Exploring Eco-Friendly Period Products
When Mother Earth meets Aunt Flo
On the day of my first period, I dug out the inch-thick maxi pad I'd received in a "goodie bag" at school three years earlier. Tampons aside, the teachers responsible for giving us the proverbial "talk" hadn't mentioned any other options.
They did the best they could, just like the pads they endorsed.
It wasn't until college that a friend introduced me to the world of eco-friendly menstrual products. She swore by the DivaCup 12 times a year. I swore I'd never try it. Tampons might have been wasteful, but they were familiar – and still very much the norm.
Things are changing, though. In food, in fashion, in eco-friendliness, what's fringe seeps into the mainstream. Whether by intention or through an attraction to what's popular, we're collectively reducing our footprint: We bring our canvas bags to the grocery store and opt for battery-powered cars when we can afford them. I've now got that same silicone menstrual cup tucked away in a pouch on my bathroom counter, and I just bought my first pair of period underwear. Nevertheless, reusable menstrual products still have to work hard for broader acceptance. They continue to face the perception of being "gross," and that stigma has a consequence for the environment.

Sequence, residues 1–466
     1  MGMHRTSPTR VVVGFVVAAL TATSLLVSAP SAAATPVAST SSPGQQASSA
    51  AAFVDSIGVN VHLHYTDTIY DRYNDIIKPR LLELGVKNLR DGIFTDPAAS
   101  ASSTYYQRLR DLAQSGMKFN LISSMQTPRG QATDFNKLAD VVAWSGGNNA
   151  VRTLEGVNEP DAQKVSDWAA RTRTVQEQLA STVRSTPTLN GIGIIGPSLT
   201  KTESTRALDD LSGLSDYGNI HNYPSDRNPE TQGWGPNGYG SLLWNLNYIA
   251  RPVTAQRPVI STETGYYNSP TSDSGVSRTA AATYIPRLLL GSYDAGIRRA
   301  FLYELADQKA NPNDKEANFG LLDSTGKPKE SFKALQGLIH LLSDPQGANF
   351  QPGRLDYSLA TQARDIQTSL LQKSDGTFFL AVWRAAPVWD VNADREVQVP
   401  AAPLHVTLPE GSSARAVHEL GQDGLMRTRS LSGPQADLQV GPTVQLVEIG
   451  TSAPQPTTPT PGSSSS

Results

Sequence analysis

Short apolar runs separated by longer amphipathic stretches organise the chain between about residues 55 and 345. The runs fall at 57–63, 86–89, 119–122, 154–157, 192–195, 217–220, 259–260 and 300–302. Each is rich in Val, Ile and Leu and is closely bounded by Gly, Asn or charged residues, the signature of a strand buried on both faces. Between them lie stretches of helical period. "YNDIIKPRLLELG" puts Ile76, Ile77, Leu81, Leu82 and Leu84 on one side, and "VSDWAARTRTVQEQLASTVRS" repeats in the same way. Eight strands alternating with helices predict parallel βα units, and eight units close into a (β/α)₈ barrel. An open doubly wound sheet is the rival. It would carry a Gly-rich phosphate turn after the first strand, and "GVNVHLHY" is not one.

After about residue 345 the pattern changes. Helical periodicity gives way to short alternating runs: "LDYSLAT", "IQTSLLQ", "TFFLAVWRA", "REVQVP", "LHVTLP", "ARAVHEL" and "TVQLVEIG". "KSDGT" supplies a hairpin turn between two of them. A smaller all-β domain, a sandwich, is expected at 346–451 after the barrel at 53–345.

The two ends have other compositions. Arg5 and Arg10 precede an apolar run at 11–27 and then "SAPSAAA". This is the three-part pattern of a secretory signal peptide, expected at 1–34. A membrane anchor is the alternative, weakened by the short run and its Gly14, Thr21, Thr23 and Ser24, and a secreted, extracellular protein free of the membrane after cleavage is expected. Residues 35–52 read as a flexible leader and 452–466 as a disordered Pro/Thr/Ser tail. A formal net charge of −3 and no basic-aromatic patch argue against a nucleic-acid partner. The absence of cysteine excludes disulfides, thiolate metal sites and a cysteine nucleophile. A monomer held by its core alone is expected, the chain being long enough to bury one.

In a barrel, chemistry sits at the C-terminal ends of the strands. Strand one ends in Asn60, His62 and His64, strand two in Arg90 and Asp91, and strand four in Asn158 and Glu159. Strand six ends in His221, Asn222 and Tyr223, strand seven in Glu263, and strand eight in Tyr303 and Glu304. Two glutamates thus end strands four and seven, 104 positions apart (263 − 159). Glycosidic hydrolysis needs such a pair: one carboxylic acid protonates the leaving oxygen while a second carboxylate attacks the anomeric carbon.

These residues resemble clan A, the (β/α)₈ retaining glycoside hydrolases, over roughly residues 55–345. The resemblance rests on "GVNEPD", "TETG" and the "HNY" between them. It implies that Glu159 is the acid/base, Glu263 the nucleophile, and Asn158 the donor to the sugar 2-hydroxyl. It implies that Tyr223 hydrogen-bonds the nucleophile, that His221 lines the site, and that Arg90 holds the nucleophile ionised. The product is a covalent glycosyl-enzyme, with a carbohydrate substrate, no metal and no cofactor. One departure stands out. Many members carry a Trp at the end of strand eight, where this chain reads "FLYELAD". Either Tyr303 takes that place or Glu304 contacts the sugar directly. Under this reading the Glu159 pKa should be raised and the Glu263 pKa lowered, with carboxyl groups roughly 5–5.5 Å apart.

Over the course of her menstruating years, the average woman produces 250-300 pounds of garbage from "pads, plugs, and applicators," according to Elissa Stein's book, Flow: The Cultural Story of Menstruation. This waste adds up, and still doesn't reflect hidden costs such as the resources consumed in the production of disposable products.
Unlike pads and tampons that need to be changed multiple times a day, products like the DivaCup can be worn for 12 hours, and its makers suggest replacing it annually. Moreover, free of fragrance, pesticides used on cotton, and other chemicals common to conventional, non-organic pads and tampons, reusable menstrual products like washable pads, underwear, and cups are cleaner for the body and the environment.
Despite the taboos, many women who use alternative menstrual products tout their convenience, cost-effectiveness, and cleaner feeling compared to tampons and pads. If that's not enough, these products offer an opportunity to break the unnatural cycle of waste and consumption.